This is what I do at home, but I use Plex, and they have a MLB.tv plugin. It’s mostly easy to configure. I have a Mac Mini running into my TV w/ a DVI to HDMI cable, and Plex is always running- serves out TV shows, movies, music, and of course MLB.tv. The games are really high quality, too.

    Plex: http://www.plexapp.com/

    You can browse the app store (it’s all free) in the Plex UI and get the MLB.tv plugin..

  4. KR said...

    The only reason I care about having cable (well, satellite) service is for baseball. (I don’t watch much in the way of TV shows, and if I do there’s iTunes/Hulu/etc, and if I’m patient Netflix). I tried MLB.tv a few years ago, and it was pretty terrible quality. It sounds like it’s getting better, though. Maybe in the next few years I can drop the paid TV service.

    (Well, if my wife agrees… wink )

    Though of course you still can’t watch local games on MLB.tv, right? So if they’re not broadcast over the air, you have to pay for cable/satellite… frakking TV contracts. As a Red Sox fan in Virginia, I watch most games out of market anyway (on Extra Innings), but there are 18+ games a year the Sox play vs Baltimore that I have to watch on MASN. In the end I’d probably give that up if everything else was good.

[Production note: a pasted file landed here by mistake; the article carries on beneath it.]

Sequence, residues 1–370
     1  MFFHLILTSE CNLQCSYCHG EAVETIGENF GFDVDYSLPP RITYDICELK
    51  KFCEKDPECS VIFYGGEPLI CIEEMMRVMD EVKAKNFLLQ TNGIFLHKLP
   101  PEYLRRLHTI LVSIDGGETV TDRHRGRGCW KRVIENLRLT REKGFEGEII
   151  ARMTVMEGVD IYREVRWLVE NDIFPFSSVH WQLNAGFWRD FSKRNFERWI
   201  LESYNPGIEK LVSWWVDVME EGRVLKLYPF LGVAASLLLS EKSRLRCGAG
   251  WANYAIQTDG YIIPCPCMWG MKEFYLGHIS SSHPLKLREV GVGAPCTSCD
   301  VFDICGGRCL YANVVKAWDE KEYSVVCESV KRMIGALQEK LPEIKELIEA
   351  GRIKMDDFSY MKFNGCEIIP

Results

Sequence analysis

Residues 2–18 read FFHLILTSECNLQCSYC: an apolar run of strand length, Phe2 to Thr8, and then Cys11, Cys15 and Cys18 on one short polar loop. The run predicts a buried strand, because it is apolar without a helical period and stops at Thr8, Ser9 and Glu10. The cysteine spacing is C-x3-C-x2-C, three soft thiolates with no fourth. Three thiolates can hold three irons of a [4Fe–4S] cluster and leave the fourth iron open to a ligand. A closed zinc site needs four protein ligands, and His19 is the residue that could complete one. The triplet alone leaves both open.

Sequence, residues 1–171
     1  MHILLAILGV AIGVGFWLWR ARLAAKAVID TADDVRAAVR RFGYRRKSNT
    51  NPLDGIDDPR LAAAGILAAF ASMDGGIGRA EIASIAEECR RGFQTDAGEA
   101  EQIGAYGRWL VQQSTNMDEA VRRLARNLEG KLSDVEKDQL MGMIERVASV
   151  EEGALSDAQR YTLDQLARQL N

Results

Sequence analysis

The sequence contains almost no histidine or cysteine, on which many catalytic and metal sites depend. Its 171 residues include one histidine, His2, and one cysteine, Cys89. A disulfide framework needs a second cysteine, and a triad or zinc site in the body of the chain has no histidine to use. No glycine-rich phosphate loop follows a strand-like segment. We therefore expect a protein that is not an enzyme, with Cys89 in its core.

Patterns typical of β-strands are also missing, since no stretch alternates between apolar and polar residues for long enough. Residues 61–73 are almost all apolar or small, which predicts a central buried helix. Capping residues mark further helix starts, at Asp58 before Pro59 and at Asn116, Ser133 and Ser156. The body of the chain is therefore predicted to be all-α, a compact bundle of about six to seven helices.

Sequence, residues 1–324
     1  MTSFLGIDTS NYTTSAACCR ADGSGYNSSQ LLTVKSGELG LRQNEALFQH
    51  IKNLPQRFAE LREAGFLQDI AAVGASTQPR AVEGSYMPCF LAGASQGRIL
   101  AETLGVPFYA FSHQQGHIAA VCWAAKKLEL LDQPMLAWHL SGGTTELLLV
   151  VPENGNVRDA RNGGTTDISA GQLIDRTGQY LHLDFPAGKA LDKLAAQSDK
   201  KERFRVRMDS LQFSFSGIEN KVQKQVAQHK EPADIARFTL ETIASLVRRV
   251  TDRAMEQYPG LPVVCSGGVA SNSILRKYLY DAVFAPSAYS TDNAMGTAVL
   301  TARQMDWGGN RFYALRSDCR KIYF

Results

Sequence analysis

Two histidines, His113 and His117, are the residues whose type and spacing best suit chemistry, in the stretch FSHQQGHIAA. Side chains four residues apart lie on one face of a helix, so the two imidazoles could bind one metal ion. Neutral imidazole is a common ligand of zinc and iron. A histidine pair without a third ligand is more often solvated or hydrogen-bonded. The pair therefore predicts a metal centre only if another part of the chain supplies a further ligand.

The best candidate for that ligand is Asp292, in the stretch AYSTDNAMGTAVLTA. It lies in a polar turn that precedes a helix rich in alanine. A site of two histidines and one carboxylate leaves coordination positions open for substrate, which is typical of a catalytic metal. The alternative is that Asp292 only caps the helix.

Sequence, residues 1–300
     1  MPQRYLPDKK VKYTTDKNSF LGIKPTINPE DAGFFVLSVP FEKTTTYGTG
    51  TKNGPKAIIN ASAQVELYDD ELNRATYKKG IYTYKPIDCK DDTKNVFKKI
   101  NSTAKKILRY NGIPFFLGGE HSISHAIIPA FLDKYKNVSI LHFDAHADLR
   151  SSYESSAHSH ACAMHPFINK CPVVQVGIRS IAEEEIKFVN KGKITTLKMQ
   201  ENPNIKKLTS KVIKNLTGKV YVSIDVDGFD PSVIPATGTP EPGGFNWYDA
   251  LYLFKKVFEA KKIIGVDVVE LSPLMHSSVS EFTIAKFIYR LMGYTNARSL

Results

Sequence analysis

5. Osmodious said...

    Unfortunately, I’m sure that ‘local blackout’ rules will apply…which isn’t a huge deal if you like your local broadcast team anyway, but is still kind of annoying (especially when you pay for a service like MLB.tv or Extra Innings…or the iPhone MLB app).

    Luckily, I have YES Network, whose commentators seem to be among the best (the Mets’ team is pretty good, too).  I learned more about the game from watching (and hearing) Jim Kaat, Joe Girardi and Bobby Murcer than any other source.  The newer guys, like David Cone, John Flaherty and Paul O’Neill are good, too.  And Michael Kay isn’t an idiot like so many of the pro broadcasters are.  His hero was Mel Allen, so that helps.  Overall, a very good team…and the production staff is good, usually, too…on ESPN or other channels, I find myself screaming for replays a lot more often.